This post may be long overdue, but it is most definitely necessary!
I have recently had the pleasure of attending my first annual Conference of Astronomy and Physics Students, which was hosted in no other than the picturesque venue of St. Andrew’s University, Scotland. This is a weekend organised by the IOP’s University Student Network, where students of physics (and related) degrees have the opportunity to give a 10 minute lecture on absolutely anything (within reason!) to an audience of fellow undergrads and postgrads. Alternatively, it’s a fantasic way of showing off your postgrad research via a poster. I was crazy enough to give a (pretty poor) lecture myself. Bluffing to a lecture theatre of older students that I know what I’m talking about was definitely a learning experience… (Joking aside, I promise I do actually understand what I talked about!).
Some lectures were, admittedly, a tad too technical for a first-year undergraduate student like myself to understand. But most of the time, I found that by piecing together the few keywords that I’m acquainted with, even a low-skilled physics fresher could grasp the main concepts of most that was talked about: quantum key distributions; manipulating the movement of electrons for biological sample analysis; an accurate analysis of students’ struggles in electromagnetism, i.e. my “favourite” (ahem) topic… Some more: the future of energy, cosmic rays, Andromeda’s GRBs (Gamma Ray Bursts), various talks about Kepler… I could go on for longer, although I don’t wish to bore you till the heat death of the universe.
The lectures were of varying levels of interest, although the one that really got me thinking about my degree choice was the one with a rather Cox-like title: “The Loss of Wonder”. The main scope of it was a criticism of today’s focus on exam performance, which is often artificial and unrepresentative of students’ true capabilities. It’s easy enough to learn “exam technique” and score A’s all throughout, but does that actually mean anything if there is no true understanding behind your work? I think we all of us are a little guilty of practicing example questions in certain topics we don’t fully understand, just to get by with a decent enough grade at the end of the exam – I am no academic saint and I’m quite sure that none of us are. But why pursue something which your heart doesn’t agree with? Far too many are disheartened by further study of maths from traumatic school experiences of fractions, indices and – God forbid – surds! Simply because they’re poorly taught and the focus is on ramming all this information into a child’s brain, with the devastating consequences of:
- poor understanding;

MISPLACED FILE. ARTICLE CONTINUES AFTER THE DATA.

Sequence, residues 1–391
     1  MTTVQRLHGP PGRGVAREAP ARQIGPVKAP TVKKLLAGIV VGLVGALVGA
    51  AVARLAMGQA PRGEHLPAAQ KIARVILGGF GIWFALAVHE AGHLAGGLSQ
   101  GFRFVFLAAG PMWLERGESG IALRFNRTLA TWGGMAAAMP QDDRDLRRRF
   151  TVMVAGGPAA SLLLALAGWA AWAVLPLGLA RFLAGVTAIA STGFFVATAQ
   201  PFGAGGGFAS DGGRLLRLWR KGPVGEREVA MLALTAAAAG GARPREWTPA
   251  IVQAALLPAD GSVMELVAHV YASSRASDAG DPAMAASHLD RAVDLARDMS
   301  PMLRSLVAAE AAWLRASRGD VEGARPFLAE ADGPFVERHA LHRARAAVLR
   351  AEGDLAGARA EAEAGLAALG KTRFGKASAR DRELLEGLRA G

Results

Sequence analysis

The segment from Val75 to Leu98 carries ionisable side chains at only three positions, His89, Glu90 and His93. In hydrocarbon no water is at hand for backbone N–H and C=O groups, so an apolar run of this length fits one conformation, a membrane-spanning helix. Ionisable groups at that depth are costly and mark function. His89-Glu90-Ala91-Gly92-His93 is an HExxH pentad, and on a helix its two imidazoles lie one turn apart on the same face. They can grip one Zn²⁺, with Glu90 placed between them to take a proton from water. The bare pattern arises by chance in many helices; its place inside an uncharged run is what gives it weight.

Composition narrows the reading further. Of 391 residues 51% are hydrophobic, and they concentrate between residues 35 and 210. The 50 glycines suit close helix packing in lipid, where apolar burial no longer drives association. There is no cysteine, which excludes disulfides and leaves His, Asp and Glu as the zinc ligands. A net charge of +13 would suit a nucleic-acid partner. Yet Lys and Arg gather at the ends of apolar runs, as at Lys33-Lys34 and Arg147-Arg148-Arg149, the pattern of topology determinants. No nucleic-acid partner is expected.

- potential hatred towards the subject;
- a loss of wonder, hence the title of Ridwan’s lecture.
So why study something like mathematics or physics in the first place? As kids, some of us (more than others) were inclined to play around with things, break things, put them back together, break them again, getting shouted at by parents for breaking said things.. etc. In other words, each of us has this childish sense of wonder which motivates us to learn how things work. Or even: why – which is where mathematics and philosophy take over physics. Sadly, secondary school education proves to be an impossible hurdle in the path of intellectual curiosity; a survival of the fittest, shall we say. It’s not most people’s fault that they “hate maths”. It’s just that the childish wonder which would have otherwise propelled their interest in the subject was wiped out by the trauma of exams.
My lecture? I chose to talk about something that one of my physics lecturers is heavily involved with: a future space mission called PLATO 2.0, or ‘PLAnetary Transits and Oscillations of Stars’ There is still a whole decade until its launch, but when it happens, it will allow scientists to study planetary and stellar parameters to high levels of accuracy by focusing the satellite’s 34 telescopes on stars of 4-16 orders of magnitude – brighter than Kepler’s targets. Focussing on brighter stars allows for RV measurements to be made on-ground to estimate the orbiting planet’s minimum mass, whilst transit photometry is used to determine radius. Together, they allow for accurate planet density measurements. PLATO wants to essentially build a bulk catalogue of parameters, including the atmospheres of the exoplanets to determine habitability, if they lie within the habitable zone of the host star. It will also directly incorporate asteroseismology to investigate stellar activity via acoustic waves. But I will save this whole PLATO malarky for another post.
If you are further interested in this mission, you can download the open source publication by clicking here.
During the conference, I met some fantastic people, as well as possibly finally stumbling upon a female role model in this field of academia so heavily populated by the other sex. Meet Prof. Moira Jardine: the woman I will do my best to one day become.
All in all, and despite St. Andrew’s lack of chalkboards in lecture theatres, (Warwick’s maths department scores 10/10 in this category!) CAPS was an enlightening experience. It’s thrilling to realise that so many young people are excited by science and that we are the next generation to make new discoveries and change the way the world is shaped. Let’s not muck it up.